Saturday, February 25, 2006

Analog Restrictions Management?

Although this post is on the Sci-Fi Channel's tech blog, there is unfortunately no fiction to it. Now, it seems that all of the DRM schemes in the universe aren't good enough for big media. So, to supplement their evil ways, all consumer Blu-ray and HD DVD players are going to output at 960 x 540 on their analog component video outputs, and will only output the full 1920 x 1080 on their (encrypted, restricted, managed) digital outputs. So, people like me who jumped on the Hi-Def bandwagon early, and therefore don't have digital inputs on their TVs, are - in a word - screwed.

I don't see why the quality of media should be a determinant factor in assessing what constitutes fair use. Although the 25% output is better than my current DVDs, it's not really better enough for me to pay a premium. This provides a shining example of why becoming an early adopter of any consumer technology has become a really bad idea (TM). Instead of falling for the trap, I will wait for the confluence of a few events -- A.) The death of my current TV, B.) The commoditization of the new hardware and ridiculous price-drop associated therewith, and C.) The general availability of methods that enable restoration of rights and allow use of the media in ways that were historically deemed to be permissible (regardless of resolution).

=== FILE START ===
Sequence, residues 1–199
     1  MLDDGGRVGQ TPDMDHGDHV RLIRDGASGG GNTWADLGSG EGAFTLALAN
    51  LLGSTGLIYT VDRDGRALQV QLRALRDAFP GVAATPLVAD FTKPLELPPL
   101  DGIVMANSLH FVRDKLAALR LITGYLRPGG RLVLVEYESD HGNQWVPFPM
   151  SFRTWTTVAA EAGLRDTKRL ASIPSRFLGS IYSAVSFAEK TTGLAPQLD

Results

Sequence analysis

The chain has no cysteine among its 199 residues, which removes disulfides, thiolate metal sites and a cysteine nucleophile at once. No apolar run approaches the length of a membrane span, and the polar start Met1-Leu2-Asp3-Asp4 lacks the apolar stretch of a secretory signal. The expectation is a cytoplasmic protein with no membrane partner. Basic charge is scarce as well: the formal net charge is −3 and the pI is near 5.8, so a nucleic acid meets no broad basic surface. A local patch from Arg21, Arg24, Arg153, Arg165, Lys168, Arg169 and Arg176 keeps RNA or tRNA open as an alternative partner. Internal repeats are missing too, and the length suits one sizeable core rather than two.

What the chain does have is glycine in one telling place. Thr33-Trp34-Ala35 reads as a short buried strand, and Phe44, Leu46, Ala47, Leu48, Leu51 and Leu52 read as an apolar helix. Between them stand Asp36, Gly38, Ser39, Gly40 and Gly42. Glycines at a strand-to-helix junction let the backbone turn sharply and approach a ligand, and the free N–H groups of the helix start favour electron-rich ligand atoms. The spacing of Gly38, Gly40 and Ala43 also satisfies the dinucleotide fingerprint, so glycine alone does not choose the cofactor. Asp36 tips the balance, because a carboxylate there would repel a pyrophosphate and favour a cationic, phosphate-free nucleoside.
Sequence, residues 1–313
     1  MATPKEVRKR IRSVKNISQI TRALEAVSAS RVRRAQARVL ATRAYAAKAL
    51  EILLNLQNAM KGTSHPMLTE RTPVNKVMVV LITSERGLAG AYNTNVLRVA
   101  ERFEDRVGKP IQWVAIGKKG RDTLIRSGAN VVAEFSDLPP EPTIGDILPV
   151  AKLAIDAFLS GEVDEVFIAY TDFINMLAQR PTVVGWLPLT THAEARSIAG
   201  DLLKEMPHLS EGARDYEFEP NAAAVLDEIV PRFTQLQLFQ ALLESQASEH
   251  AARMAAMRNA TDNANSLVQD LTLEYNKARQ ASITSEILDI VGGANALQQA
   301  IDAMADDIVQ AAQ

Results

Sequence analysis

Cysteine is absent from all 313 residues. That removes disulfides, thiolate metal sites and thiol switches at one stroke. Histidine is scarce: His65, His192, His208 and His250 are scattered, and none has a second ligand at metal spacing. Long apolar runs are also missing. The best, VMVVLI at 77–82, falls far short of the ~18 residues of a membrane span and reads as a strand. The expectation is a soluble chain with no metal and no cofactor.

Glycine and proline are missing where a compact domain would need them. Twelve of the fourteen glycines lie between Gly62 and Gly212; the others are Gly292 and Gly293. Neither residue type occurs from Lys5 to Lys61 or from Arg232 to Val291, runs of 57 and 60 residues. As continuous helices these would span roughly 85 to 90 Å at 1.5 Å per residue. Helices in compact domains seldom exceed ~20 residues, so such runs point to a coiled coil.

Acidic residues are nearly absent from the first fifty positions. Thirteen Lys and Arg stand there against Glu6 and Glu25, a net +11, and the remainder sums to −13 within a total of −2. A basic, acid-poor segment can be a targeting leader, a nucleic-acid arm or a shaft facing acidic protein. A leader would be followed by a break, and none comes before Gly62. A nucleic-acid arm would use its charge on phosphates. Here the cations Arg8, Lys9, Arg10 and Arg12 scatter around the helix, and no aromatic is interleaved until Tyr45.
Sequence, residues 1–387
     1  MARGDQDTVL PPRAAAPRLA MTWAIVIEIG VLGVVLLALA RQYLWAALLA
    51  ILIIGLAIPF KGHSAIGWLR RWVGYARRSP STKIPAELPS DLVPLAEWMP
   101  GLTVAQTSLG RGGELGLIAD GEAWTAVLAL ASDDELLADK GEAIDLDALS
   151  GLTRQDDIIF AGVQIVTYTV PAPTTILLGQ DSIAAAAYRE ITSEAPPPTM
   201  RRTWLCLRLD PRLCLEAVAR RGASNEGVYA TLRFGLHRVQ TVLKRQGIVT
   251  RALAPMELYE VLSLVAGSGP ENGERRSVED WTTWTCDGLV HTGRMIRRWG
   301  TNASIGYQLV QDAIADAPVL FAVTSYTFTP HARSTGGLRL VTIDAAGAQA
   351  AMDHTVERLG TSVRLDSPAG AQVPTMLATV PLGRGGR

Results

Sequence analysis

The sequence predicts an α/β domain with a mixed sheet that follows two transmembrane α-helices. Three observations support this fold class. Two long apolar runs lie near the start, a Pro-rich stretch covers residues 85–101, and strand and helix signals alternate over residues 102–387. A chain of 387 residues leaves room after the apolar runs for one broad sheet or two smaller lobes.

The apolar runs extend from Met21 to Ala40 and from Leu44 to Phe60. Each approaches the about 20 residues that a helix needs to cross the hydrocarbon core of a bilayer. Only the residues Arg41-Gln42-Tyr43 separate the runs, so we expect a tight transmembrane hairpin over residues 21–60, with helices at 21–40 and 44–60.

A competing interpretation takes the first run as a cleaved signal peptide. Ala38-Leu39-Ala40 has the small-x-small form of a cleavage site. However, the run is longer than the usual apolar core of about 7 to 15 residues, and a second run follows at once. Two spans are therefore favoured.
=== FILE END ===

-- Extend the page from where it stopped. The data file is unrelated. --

The technology companies don't drive the technology anymore -- the media companies are in complete control, and the "features" are driven by these third-party producers instead of the consumers / end-users. The media companies' brillance is to casually expect me to only be able to see 25% of what I pay for, and be happy about it. So, why don't the technology companies care? Easy, they get to sell a new TV to everybody, not just the folks who don't already have Hi-Def.

Note to the media companies: Keep it up; you're doing a great job alienating all of your potential customers by preemptively accusing them of theft whilst simultaneously probing their collective orifices with large, barbed, red-hot pokers. Perhaps if you would invest an equal amount of money and time to generate truly compelling products, people would feel more inclined to purchase said products.